“Business events are an economic powerhouse – they foster trade, export, investment, diplomacy, education and knowledge transfer. They also generate employment, tax revenue and stimulate the visitor economy with their benefits spreading across both city and regional economies. 

“This study demonstrates the enormous reach of business events beyond their tourism contributions and reveals how business events support all industries to deliver their goals; acting as levers to do business, launch new ideas, identify trends, spread news of research breakthroughs, and equipping people to meet the challenges of change,” Mr Hingerty said. 

Minister for Trade and Investment, The Hon Andrew Robb AO MP said that business events are extremely important in promoting Australia to the world.

“The high-yield economic benefits of hosting business events are key contributors to the government’s economic diplomacy agenda, and are highly effective vehicles for driving industry growth, which is in keeping with the government’s trade and investment priority areas,” Minister Robb said.

While the report reveals the strength of the business events industry in Australia, on an international level, Australia has slipped in its rankings from 13th in 2012 to 16th in 2013, in the latest International Congress and Convention Association (ICCA) rankings. ICCA measures the frequency of rotating association meetings taking place in 90 countries around the world.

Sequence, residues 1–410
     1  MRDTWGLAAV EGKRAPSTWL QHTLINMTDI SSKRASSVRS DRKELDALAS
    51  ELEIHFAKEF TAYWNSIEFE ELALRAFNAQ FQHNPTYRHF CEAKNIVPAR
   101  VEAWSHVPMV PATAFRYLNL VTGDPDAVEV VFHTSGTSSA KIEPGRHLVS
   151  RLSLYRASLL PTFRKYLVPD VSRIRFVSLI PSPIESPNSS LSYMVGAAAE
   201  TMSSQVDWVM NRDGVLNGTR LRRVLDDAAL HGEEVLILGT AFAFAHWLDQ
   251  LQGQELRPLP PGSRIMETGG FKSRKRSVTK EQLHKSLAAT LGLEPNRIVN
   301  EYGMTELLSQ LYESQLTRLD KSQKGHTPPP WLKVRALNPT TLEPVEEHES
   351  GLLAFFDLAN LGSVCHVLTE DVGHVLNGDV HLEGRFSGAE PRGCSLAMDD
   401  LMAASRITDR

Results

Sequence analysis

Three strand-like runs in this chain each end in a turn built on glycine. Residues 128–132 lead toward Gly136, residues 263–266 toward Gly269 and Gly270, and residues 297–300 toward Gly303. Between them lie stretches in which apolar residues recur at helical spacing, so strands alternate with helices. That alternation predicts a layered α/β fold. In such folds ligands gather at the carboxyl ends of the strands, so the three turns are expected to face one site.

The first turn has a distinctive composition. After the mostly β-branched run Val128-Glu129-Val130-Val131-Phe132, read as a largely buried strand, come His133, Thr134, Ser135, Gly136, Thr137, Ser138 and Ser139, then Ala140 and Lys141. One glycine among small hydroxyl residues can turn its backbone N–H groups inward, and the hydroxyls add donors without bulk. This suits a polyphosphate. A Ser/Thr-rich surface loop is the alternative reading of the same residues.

“The report gives strong evidence of the power of our industry, however, on a world stage, we are losing market share. We believe that business events sector is the ‘sleeping giant’ of the Australian economy. With an end to the mining boom and the decline in manufacturing, the sector has the ability to be a leading force for Australia’s future prosperity.

“This study will enable the business events sector to prove its dimension, influence and potential and provide a compelling picture of the power of business events.

“However, the business events industry and governments must work together to leverage this great opportunity before us,” said Mr Hingerty.